By Michael A. Rapoff (auth.)
It was once known as noncompliance, and the sufferers themselves often called difficult. yet whatever the terminology, children’s reluctance or failure to decide to prescribed regimens reduces the effectiveness of therapy, usually resulting in extra care, larger bills, and severe, even lethal, problems.
Reflecting a unmarried, authoritative voice, the second one version of Adherence to Pediatric clinical Regimens analyzes in finished medical element the standards that impact children’s and teenagers’ dedication to therapy – from developmental concerns to the impact of folks, friends, and others of their orbit – and gives empirically sound guidance for encouraging adherence. It cautions opposed to viewing younger consumers as miniature grownups or thinning out grownup information, advocating in its place for a extra nuanced figuring out of the inhabitants and a collaborative courting among practitioner and client.
Critical components of curiosity to clinicians and researchers in pediatrics are introduced into transparent concentration because the book:
- Provides an summary of adherence premiums to continual and acute disorder regimens and examines universal adherence difficulties in youngsters and teenagers.
- Details results of nonadherence and correlates of adherence.
- Critiques significant adherence theories and their scientific implications.
- Discusses the diversity of adherence overview measures.
- Reviews academic, behavioral and different options for making improvements to adherence.
- Offers how one can translate examine into pediatric scientific adherence.
This up to date variation of Adherence to Pediatric clinical Regimens is an important reference for an individual all in favour of enhancing health and wellbeing results in teenagers, particularly clinicians, researchers, and graduate scholars in psychiatry in addition to pediatric, scientific baby, and wellbeing and fitness psychology.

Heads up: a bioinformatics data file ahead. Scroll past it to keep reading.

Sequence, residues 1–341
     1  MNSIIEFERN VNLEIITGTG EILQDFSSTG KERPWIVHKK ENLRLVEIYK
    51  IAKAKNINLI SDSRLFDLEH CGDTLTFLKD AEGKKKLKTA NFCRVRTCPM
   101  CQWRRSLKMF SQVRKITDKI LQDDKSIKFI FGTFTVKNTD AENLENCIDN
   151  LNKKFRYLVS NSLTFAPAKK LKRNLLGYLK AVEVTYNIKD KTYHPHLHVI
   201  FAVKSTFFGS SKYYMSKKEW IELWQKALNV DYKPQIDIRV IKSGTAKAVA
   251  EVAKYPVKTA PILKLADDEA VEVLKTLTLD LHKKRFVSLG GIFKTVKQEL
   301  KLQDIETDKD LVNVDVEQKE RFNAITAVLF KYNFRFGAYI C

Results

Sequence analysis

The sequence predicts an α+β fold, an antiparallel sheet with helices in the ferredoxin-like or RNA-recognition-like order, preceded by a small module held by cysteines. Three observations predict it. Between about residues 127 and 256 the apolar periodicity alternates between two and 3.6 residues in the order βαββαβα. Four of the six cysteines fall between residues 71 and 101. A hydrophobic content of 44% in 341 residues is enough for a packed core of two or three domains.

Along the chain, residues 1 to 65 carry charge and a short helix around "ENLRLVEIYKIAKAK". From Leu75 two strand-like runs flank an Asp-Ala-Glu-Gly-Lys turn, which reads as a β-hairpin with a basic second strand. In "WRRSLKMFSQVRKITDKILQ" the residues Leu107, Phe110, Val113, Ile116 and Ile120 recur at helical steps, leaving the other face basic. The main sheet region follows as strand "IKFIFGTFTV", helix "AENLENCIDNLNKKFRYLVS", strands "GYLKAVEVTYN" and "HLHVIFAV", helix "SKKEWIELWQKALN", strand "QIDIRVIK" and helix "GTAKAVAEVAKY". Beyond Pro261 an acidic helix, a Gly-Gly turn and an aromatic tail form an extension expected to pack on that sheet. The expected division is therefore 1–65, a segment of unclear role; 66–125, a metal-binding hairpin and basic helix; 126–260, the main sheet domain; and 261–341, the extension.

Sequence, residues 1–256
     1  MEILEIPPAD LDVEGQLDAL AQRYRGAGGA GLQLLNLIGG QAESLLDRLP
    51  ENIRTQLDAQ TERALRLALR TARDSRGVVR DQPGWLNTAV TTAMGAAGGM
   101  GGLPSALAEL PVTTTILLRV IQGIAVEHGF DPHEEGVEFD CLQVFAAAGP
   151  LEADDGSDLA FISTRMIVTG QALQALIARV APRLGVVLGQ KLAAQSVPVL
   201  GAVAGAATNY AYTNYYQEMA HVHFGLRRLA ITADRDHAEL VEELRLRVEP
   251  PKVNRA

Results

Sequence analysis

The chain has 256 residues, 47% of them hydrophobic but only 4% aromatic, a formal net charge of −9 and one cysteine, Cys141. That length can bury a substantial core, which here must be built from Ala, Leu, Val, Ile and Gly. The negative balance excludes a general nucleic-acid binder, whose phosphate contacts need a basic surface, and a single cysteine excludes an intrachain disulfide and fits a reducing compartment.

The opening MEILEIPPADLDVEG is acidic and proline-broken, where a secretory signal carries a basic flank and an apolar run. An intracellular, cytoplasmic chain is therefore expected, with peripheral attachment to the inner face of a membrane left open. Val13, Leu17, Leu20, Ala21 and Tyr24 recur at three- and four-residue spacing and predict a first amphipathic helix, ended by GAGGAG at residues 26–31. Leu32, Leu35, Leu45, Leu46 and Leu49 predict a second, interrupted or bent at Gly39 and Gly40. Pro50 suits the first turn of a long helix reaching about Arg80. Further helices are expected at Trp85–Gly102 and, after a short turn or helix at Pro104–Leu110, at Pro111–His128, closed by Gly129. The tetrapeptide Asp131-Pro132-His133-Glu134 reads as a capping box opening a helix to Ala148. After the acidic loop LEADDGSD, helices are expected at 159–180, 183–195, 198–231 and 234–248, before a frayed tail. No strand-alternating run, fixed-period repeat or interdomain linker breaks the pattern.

Read Online or Download Adherence to Pediatric Medical Regimens: 2nd Edition PDF
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Extra info for Adherence to Pediatric Medical Regimens: 2nd Edition
Originally developed in the early 1950s to understand why people failed to take advantage of preventive health services (such as hypertension screening), the HBM was later extended to adherence to prescribed medical regimens (Janz & Becker, 1984; Rosenstock, 1974). The HBM posits five major sets of variables that predict or explain adherence: (1) perceived susceptibility (including the person’s perceived risk of contracting or recontracting a condition or acceptance of an existing condition); (2) perceived severity (the person’s evaluation of the medical and social consequences of contracting an illness or not receiving treatment); (3) perceived benefits (the person’s judgment of the perceived benefits of taking a particular health action); (4) perceived barriers (the person’s perception of impediments to adhere to recommended treatments, including a cost-benefit analysis where the person weighs the pros and cons of taking action); and (5) cues to action (internal cues, such as disease symptoms or external cues, such as prompting by others that trigger action).
2007; Brownbridge & Fielding, 1994). , 1990). Because these studies assess adherence and symptoms concurrently rather than longitudinally, it is just as likely that lower adherence produced worsening or increased symptoms. However, some studies have shown the opposite pattern. , 2002). Perceived Severity. Here we are speaking of patient or parental perceptions of severity, which appear to be more useful predictors of adherence than those of providers (Rapoff & Barnard, 1991). There is some evidence that parent and patient perceptions are differentially related to adherence.
If physicians are unaware of adherence problems, they may incorrectly attribute poor outcomes to inadequacies in the treatment regimen and prescribe more potent medicines with more serious side effects. They may also order more invasive and risky procedures to determine the lack of treatment success. The opposite pattern can also occur. Physicians may overattribute treatment failures to adherence problems, particularly when they use treatment outcome as an indicant for adherence. They may then fail to make appropriate and necessary changes in regimens.
Adherence to Pediatric Medical Regimens: 2nd Edition by Michael A. Rapoff (auth.)